After all, consider the alternative. Complicated and confusing interfaces force users to find solutions to problems that shouldn’t be there in the first place. A user who feels confused by the options, the interface, the navigation and so on will likely feel overwhelmed in their thinking process. Even momentary pauses are enough to rip users back into the reality that they’re sitting in front of their computer.

This excessive thinking is called cognitive overload, and here we’ll explain how you can avoid it. First, we need to explain what exactly in our brains is at risk of being overloaded.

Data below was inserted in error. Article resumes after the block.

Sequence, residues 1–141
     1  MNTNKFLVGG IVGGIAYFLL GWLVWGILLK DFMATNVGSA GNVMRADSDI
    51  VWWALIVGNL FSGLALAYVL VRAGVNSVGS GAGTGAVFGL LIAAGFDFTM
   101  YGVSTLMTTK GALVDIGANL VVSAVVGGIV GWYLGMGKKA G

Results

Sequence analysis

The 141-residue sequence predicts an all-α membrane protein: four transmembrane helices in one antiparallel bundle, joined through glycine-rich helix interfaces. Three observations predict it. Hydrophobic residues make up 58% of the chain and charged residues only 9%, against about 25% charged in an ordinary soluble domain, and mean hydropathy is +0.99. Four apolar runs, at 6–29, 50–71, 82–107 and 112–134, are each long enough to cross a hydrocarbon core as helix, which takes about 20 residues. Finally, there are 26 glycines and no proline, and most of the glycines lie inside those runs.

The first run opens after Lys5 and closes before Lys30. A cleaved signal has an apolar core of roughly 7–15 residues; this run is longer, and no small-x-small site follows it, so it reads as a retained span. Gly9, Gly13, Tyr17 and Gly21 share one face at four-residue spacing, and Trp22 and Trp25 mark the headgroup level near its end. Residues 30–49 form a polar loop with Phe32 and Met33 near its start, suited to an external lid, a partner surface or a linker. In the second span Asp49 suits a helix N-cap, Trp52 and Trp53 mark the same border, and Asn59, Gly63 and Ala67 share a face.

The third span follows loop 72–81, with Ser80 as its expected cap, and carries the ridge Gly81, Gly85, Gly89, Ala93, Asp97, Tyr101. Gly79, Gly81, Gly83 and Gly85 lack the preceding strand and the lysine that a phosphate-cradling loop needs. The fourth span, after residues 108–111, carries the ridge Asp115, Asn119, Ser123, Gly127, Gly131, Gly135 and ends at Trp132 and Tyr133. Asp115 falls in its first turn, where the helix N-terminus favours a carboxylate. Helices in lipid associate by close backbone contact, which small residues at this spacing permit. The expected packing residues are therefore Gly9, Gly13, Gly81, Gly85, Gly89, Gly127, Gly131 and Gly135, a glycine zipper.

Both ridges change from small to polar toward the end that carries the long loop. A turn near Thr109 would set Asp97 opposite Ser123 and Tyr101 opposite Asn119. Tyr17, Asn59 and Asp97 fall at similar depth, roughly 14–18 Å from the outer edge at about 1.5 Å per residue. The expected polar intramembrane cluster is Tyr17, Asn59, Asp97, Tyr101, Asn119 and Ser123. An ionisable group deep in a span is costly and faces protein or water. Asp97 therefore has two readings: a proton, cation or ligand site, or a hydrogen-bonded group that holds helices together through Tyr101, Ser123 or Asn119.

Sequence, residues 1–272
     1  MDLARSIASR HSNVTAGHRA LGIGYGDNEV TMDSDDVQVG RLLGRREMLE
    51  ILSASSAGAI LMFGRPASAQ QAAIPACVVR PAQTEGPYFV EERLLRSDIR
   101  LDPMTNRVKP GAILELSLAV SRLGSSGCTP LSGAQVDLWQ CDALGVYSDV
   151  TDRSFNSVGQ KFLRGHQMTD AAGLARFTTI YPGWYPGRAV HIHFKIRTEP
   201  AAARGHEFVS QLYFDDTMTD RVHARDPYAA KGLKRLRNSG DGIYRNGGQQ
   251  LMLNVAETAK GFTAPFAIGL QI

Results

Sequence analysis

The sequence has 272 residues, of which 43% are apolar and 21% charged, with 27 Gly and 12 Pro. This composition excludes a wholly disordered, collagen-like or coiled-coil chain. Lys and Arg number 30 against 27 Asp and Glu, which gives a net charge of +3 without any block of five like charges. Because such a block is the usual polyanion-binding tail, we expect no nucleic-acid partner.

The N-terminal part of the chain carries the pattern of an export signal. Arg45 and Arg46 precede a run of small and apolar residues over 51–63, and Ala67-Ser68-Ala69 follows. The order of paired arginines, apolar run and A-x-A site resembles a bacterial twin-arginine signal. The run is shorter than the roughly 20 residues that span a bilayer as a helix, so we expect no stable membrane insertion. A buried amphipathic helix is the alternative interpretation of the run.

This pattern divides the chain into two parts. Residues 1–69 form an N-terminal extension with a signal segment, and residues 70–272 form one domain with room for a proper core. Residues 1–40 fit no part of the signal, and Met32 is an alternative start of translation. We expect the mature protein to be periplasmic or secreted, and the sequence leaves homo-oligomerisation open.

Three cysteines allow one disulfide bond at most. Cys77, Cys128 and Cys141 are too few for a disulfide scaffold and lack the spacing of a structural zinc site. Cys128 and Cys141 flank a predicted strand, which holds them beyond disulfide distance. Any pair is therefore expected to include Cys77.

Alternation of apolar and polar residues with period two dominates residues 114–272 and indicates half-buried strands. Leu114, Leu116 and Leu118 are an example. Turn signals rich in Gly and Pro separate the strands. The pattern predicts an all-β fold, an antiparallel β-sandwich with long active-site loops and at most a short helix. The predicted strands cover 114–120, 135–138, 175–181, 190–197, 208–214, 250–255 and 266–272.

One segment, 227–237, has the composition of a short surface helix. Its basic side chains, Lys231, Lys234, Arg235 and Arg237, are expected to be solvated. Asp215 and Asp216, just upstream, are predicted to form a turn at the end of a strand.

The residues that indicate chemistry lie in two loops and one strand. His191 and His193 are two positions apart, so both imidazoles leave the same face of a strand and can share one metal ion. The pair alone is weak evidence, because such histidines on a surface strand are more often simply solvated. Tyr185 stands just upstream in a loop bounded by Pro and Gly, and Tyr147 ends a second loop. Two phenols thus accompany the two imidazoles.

Many design variables have the potential to tax the user’s brain, and many more variables in the user’s external life and environment are beyond your control. A user could be worried about a work presentation the next day, or there could be loud construction right outside their window — these things will drain their working memory, regardless of how simple your website design is.

https://www.smashingmagazine.com/2016/09/reducing-cognitive-overload-for-a-better-user-experience/